Norwegian Author Asne Seierstad is praised in international media for her latest book, “One of Us: The Story of Anders Breivik and the Massacre in Norway”. Media all over the world call it an astonishing work. One critic even compare it to the genre of Truman Capote.
“It is a brilliant if unrelenting piece of reportage, one that cements Seierstad as among the foremost journalists of our time. Yet the section detailing the events that summer day in 2011 is not even what makesOne of Us so special. What achieves that is how she has pieced together not his massacre but Breivik himself. By doing so she shows how “evil” is not born but created,” writes Oliver Poole in the British paper Independent.
(Other reviews below).
In an interview Seierstad admitted that her book is a slap in the face for most Norwegians, who would like simply to forget that something so terrible ever happened.
Anders Behring Breivik killed a total of 77 people on July 22, 2011 and severely wound many more. Before the attacks he had distributed online a lengthy manifesto, called 2083: A European Declaration of Independence, denouncing Islam and “cultural Marxism”, calling for the annihilation of multiculturalism and the deportation of all Muslims from Europe.
Breivik was a disturbed young man, who seems like a significant distinction, between violence in the service of some political or religious cause and violence that is the product of a distorted and diseased mind … and that third, nagging possibility, that any act of violent terrorism blends both.
Seierstad says she has investigated the case as fully as she can, but she also presents us with the actual thoughts of the people involved, including Breivik, which makes this book an exceptional thriller. Seierstad emphasizes that “everything in this book is based on testimony… When I refer to what Breivik thinks in certain situations, and how he feels about them, it is always based on what he has told himself.”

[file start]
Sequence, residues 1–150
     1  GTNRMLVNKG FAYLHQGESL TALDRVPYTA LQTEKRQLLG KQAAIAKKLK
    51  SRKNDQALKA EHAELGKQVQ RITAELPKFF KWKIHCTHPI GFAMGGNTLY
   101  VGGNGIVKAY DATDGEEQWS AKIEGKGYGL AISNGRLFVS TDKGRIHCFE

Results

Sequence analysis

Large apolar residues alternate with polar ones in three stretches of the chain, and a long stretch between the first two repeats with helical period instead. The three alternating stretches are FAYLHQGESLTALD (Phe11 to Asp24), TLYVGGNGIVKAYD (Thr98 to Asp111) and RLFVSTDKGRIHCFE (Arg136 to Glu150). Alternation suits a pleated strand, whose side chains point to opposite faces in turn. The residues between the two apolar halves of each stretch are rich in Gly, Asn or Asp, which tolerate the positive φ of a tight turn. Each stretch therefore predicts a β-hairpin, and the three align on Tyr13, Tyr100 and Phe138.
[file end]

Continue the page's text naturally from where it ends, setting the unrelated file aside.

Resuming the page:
If you decide to read this book, please be aware that it is harrowing in places, almost unbearable, as the day when Anders Breivik made the young socialists’ summer camp on Utoya island into his own killing field. It is indeed a literary masterpiece about the 22nd July massacre in Norway.
This book is a rich and timely study. Violent madness might do evil, but coldly deliberate violence is evil incarnate. It could be that Anders Breivik is a little of both.
Seierstad was born in 1970 in Olso and studied Russian, Spanish and the History of Philosophy at Oslo University. In her twenties she became a foreign reporter for the socialist paper Arbeiderbladet and the national TV channel NRK, working in Russia and China. Her first book, With Their Backs to the World: Portraits of Serbia, published in 2000, was well received.
Her second book, The Bookseller of Kabul of 2002, was translated into more than 40 languages, selling more than two million copies internationally.
In 2005 her third book, One Hundred And One Days: A Baghdad Journal, was published, andAngel of Grozny: Inside Chechnya, in 2007.
Seierstad has received numerous awards for her journalism. She worked as a correspondent in Russia between 1993 and 1996 and in China in 1997. Between 1998 and 2000 she covered the Balkans, including the war in Kosovo, for Norwegian television.
The author takes a novelistic approach but this is journalism at its very best … undoubtedly Seierstad’s most powerful narrative to date – Sunday Times
Scrupulously researched . . . Seierstad has a remarkable eye for the haunting detail, particularly of empathy, and of grief – Mail on Sunday
A chilling portrait of a killer . . . Seierstad is a brilliant investigative reporter . . . her book is a psychiatric case history, as well as a close look at Norwegian society, not least by paying as much attention to Breivik’s victims, as to their murderer – Guardian
What emerges as Seierstad – a precise, distinguished war reporter and author of The Bookseller of Kabul – pieces together the evidence from police and court transcripts, from survivors, from Breivik’s mother, is in part a more literary version of The Day of the Jackal – The Times
An astonishing piece of work . . . One of Us looks straight at horror and doesn’t flinch: it is classic reporting. We’ve been diverting ourselves so much recently with crime fiction making play with the eruption of evil into the apparently harmonious societies of Scandinavia. This is the real thing, beyond any novelist’s imagining. We need to take note – Evening Standard
It’s masterfully done, but it is more than a gripping, multi-faceted and horrific story – Hachette, Australia
Text: Tor Kjolberg